FUKUOKA, Japan—Chinese baseball took another step forward today, rallying for five runs in the bottom of the eighth inning to beat Brazil 5-2 and secure automatic entry into the 2017 World Baseball Classic.
The game was essentially the Relegation Bowl, with a pair of 0-2 teams with limited baseball history fighting for a victory to avoid having to play a qualifier to be in the 2017 WBC and thus perhaps miss the ’17 event altogether.
For most of the game, Brazil appeared to be in control, carrying a 2-0 lead into the bottom of the eighth. That’s when suddenly, the free-swinging, light-hitting Chinese team started to show some semblance of an offensive approach, combined with a meltdown by a Brazilian bullpen that’s had its lack of depth exposed in Japan’s come-from-behind, 5-3 victory on the first day of the tournament.
Weqiang Meng singled to lead off the inning. After Yanyong Yang struck out swinging, Xiao Cui and Xu An drew back-to-back walks to load the bases for three-hole hitter Lei Li. Brazil manager Barry Larkin removed Astros righthander Murilo Gouvea from the game and went to the low-90s fastball of Mariners righthander Thyago Vieira.
Vieira promptly walked Li to make it a 2-1 game. Ray Chang, a 29-year-old who played in Triple-A for the Twins last year and is by far the team’s best player, came through with a two-run single to give China a 3-2 lead. After a Fujia Chu groundout, Vieira hit Wei Wang with a pitch to load the bases, prompting Larkin to summon Hugo Kanabushi from the bullpen.
Kanabushi’s control was no better, as he issued back-to-back, bases-loaded walks to Zhenhong Lu and Meng to push Brazil ahead 5-2 before 16-year-old Daniel Missaki came on to get the final out of the eighth inning.
“No doubt that was the biggest hit of my life,” Chang said. “I’ve played seven, eight years of professional baseball and I’ve had some clutch hits in my career, but nothing like this. This is not just for a Single-A, Double-A team, this is for an entire country. We knew how big this game was and you could see the emotions on the guys’ faces after the win how much it meant to them. To be able to play a part in that in the end, it’s just surreal. I can’t even believe it. It’s an awesome feeling.”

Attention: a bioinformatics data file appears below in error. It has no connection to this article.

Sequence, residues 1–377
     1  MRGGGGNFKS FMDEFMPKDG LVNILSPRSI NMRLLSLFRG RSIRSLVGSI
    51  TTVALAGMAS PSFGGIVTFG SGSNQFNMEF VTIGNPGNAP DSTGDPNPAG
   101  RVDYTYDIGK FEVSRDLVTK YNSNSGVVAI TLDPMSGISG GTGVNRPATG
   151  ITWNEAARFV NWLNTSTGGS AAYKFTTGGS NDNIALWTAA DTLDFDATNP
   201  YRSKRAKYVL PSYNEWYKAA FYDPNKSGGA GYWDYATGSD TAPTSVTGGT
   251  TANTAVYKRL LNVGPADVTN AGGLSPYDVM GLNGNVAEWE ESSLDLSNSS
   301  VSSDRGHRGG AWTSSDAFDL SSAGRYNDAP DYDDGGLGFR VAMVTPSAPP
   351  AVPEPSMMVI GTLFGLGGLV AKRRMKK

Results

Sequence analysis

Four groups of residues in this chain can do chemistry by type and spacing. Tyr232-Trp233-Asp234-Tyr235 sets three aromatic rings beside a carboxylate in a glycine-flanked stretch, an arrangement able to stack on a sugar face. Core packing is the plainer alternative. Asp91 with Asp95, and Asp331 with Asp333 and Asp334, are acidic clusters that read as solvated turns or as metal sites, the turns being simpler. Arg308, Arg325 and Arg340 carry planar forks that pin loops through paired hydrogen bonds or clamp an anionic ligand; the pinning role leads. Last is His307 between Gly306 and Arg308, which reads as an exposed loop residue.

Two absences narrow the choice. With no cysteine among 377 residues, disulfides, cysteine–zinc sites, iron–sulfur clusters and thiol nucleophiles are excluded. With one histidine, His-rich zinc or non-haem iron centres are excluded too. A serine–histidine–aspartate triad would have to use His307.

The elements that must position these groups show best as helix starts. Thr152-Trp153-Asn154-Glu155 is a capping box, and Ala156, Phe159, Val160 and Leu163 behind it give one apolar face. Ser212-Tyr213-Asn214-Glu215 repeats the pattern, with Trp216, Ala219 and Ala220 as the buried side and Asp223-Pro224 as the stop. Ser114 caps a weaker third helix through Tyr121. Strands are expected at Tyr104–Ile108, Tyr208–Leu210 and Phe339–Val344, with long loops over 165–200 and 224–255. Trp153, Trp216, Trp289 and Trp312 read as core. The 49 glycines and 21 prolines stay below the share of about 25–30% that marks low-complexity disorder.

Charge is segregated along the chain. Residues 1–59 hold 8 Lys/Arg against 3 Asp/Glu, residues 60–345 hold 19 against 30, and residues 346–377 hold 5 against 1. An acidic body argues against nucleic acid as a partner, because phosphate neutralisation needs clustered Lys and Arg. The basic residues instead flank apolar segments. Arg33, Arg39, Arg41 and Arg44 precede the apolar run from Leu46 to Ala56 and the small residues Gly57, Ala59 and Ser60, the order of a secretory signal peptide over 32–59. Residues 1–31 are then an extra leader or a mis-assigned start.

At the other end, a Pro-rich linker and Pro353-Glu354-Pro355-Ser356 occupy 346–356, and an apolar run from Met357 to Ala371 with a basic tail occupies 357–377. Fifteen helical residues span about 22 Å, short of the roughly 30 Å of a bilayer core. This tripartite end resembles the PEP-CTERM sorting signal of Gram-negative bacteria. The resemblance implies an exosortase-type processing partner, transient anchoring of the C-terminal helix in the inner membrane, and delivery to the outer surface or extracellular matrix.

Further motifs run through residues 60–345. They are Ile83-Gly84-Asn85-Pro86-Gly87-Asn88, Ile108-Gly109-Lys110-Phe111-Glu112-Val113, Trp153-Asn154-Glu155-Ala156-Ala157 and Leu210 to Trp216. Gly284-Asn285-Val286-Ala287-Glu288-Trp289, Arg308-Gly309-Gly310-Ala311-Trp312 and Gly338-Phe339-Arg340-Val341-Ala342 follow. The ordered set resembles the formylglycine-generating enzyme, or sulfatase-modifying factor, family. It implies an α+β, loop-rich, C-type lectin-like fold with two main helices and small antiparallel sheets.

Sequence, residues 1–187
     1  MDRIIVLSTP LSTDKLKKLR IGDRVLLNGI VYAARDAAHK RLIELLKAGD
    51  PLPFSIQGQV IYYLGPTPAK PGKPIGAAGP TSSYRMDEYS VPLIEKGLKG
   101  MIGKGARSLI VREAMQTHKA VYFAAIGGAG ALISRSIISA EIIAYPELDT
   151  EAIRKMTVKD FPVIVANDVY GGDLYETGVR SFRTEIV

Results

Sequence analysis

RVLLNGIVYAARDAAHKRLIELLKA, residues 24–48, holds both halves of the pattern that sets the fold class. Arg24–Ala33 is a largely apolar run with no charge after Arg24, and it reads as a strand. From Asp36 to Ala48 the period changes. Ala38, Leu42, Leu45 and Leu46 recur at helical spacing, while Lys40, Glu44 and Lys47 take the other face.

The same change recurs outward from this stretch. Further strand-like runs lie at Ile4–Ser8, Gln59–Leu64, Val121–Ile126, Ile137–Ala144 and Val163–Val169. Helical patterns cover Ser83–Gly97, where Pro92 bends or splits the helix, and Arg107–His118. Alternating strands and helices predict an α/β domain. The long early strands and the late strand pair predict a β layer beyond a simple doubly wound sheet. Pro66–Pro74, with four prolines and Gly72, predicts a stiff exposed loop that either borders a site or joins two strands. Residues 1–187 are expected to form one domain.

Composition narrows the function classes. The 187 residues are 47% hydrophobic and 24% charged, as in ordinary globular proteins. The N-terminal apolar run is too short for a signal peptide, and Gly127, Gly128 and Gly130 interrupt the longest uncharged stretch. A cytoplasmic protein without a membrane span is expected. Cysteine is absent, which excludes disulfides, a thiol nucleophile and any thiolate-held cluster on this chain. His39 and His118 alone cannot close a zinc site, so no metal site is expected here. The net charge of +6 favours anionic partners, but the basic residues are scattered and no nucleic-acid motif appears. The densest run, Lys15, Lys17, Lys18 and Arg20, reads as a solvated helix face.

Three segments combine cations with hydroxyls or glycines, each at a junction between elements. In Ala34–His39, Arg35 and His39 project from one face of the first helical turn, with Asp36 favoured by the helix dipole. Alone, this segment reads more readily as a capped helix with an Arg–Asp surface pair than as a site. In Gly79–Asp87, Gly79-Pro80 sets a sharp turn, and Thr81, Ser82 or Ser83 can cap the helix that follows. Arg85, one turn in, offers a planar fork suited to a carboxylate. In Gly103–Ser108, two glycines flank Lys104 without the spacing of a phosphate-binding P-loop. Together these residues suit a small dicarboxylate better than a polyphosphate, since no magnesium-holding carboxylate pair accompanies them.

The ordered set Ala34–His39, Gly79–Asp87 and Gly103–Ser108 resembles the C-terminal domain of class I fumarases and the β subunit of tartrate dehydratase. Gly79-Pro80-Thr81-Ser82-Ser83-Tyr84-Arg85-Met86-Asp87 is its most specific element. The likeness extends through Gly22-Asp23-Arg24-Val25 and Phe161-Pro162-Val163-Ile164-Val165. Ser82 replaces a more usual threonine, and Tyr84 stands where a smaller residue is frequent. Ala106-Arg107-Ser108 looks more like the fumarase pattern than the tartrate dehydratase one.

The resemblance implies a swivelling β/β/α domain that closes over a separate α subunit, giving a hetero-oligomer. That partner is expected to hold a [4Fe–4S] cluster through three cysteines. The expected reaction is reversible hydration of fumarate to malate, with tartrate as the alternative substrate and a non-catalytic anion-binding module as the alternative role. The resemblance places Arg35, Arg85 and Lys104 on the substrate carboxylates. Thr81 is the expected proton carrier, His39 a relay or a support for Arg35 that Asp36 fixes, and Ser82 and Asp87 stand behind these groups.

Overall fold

A couple of days earlier, China manager John McLaren had talked about how the team’s hitting approach needed to improve and how they rarely worked the count. Certainly the five walks and the hit batsman in the eighth inning were largely due to the control of the Brazilian pitchers vanishing, but the Chinese hitters were able to adjust to the situation.
“We were a different baseball team in the eighth inning,” McLaren said. “I’ve never seen enthusiasm in the dugout like that. There was cheerleading going on, there was chants going on. They stepped up. They did things that we really don’t do that well, and they did them well. So that tells us that we can do it. It was a great feeling. Hit batsman, base on balls, a big hit by Ray Chang—we did everything it took to win the game. What we needed to do, we did. It brought smiles to all of them.”
The sequencing couldn’t have been better for China, which had the bases loaded and the game on the line for their their two best hitters, Li and Chang. With Vieira one of the few pitchers on Brazil who could crack 90 mph and the Chinese hitters lacking bat speed, perhaps the only player in China’s lineup equipped to handle the situation was Chang, who despite a .241/.304/.271 batting line in 89 International League games last year at least had experience facing Triple-A pitching with better stuff than Vieira. Chang, who finished the game 3-for-4 with a double and two RBIs, credited hitting coach Art Howe for his helpful advice.
“During the game against Japan, I was trying to do a little too much,” Chang said. “He told me just to be myself. I did it and I trusted in myself. I just did what Ray Chang could do. It’s just an amazing feeling.”
Chang wasn’t the only one crediting Howe and the Chinese coaches. While China is far from a threat on the international stage and isn’t developing major league prospects yet, several scouts at the game who have followed the development of baseball in China over the last decade have credited McLaren, Howe, pitching coach Bruce Hurst and the other coaches for raising the caliber of fundamentals, skill level and baseball aptitude in China.
“Guys can take back to China that we can play baseball,” McLaren said. “We can compete with good teams. We played a good game against Japan, we played a good game against Brazil and we were overmatched against Cuba. Our motto is, ‘Get better every day.’ “
Few people were at the Yahoo Dome in Fukuoka, Japan to witness the game live. The official attendance was 3,110, a number that must have come from one of Bernie Madoff’s accountants because excluding the 25 scouts behind the plate, there were no more than 100 fans in the stadium.
Yet when China recorded the final out of the game, they may as well have just won the World Series. For the Chinese players, this game was their most important of the WBC for China’s national team on the international stage and arguably for the long-term development of the sport as a whole in the country.
“It’s been a nice ride,” McLaren said. “I congratulated the team and I told them to go home and tell everyone in China what a great feeling it is to play baseball and spread the word. That was my message.”